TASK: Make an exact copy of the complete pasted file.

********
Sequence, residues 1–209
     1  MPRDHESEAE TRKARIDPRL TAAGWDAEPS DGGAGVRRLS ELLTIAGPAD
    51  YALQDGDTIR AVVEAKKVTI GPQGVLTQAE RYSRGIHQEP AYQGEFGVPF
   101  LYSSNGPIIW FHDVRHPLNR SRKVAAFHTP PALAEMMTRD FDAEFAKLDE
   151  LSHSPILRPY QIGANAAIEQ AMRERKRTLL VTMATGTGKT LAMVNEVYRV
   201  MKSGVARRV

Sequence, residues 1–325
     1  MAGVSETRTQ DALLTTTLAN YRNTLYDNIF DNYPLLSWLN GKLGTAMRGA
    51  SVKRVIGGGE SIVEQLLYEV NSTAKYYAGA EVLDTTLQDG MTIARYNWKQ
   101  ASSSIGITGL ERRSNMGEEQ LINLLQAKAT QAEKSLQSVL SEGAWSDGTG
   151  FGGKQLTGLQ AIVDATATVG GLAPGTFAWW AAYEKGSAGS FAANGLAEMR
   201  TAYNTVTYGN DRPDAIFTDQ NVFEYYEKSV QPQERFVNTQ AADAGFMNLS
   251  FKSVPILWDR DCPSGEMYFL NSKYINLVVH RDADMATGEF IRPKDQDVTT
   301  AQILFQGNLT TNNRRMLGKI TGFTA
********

Sequence, residues 1–209
     1  MPRDHESEAE TRKARIDPRL TAAGWDAEPS DGGAGVRRLS ELLTIAGPAD
    51  YALQDGDTIR AVVEAKKVTI GPQGVLTQAE RYSRGIHQEP AYQGEFGVPF
   101  LYSSNGPIIW FHDVRHPLNR SRKVAAFHTP PALAEMMTRD FDAEFAKLDE
   151  LSHSPILRPY QIGANAAIEQ AMRERKRTLL VTMATGTGKT LAMVNEVYRV
   201  MKSGVARRV

Sequence, residues 1–325
     1  MAGVSETRTQ DALLTTTLAN YRNTLYDNIF DNYPLLSWLN GKLGTAMRGA
    51  SVKRVIGGGE SIVEQLLYEV NSTAKYYAGA EVLDTTLQDG MTIARYNWKQ
   101  ASSSIGITGL ERRSNMGEEQ LINLLQAKAT QAEKSLQSVL SEGAWSDGTG
   151  FGGKQLTGLQ AIVDATATVG GLAPGTFAWW AAYEKGSAGS FAANGLAEMR
   201  TAYNTVTYGN DRPDAIFTDQ NVFEYYEKSV QPQERFVNTQ AADAGFMNLS
   251  FKSVPILWDR DCPSGEMYFL NSKYINLVVH RDADMATGEF IRPKDQDVTT
   301  AQILFQGNLT TNNRRMLGKI TGFTA